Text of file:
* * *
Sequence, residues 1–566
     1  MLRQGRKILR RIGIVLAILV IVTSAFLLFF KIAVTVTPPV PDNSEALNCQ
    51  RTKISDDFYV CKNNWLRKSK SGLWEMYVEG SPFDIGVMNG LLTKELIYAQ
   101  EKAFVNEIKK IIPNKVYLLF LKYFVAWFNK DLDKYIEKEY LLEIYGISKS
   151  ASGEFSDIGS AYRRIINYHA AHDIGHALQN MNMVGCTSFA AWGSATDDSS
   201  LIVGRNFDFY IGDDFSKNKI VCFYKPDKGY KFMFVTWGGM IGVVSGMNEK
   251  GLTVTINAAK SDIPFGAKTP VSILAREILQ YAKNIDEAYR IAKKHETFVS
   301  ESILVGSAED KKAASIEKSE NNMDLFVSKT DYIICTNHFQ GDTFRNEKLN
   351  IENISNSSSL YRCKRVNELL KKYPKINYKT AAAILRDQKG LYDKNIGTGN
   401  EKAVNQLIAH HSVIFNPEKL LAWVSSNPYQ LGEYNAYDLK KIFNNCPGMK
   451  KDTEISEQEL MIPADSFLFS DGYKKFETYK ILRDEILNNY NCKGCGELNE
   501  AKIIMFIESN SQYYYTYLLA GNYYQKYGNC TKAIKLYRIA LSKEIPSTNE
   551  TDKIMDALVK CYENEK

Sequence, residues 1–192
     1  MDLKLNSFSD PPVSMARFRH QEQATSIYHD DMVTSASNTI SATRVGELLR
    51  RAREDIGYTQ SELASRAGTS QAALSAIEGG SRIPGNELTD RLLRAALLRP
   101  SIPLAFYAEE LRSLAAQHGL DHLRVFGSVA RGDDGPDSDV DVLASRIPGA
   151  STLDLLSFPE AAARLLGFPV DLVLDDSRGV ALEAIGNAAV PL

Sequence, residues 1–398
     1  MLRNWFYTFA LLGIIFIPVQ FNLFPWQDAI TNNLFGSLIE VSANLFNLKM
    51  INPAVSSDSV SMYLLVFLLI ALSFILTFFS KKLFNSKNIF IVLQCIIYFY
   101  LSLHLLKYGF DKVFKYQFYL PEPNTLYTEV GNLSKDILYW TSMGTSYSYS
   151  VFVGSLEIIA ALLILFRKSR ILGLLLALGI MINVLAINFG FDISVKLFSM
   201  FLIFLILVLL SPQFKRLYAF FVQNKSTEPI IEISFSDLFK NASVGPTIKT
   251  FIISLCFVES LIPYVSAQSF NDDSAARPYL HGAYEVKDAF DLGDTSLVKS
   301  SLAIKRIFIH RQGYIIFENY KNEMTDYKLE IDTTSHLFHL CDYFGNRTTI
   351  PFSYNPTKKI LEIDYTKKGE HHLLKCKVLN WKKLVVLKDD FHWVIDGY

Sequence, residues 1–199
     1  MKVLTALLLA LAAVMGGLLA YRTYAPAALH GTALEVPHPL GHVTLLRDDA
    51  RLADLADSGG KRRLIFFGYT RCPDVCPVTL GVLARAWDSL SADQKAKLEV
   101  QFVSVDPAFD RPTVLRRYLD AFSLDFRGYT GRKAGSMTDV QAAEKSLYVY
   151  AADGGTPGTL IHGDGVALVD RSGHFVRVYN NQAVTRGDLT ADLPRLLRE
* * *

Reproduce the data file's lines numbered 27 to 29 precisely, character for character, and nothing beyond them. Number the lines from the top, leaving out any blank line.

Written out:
   351  PFSYNPTKKI LEIDYTKKGE HHLLKCKVLN WKKLVVLKDD FHWVIDGY

Sequence, residues 1–199
     1  MKVLTALLLA LAAVMGGLLA YRTYAPAALH GTALEVPHPL GHVTLLRDDA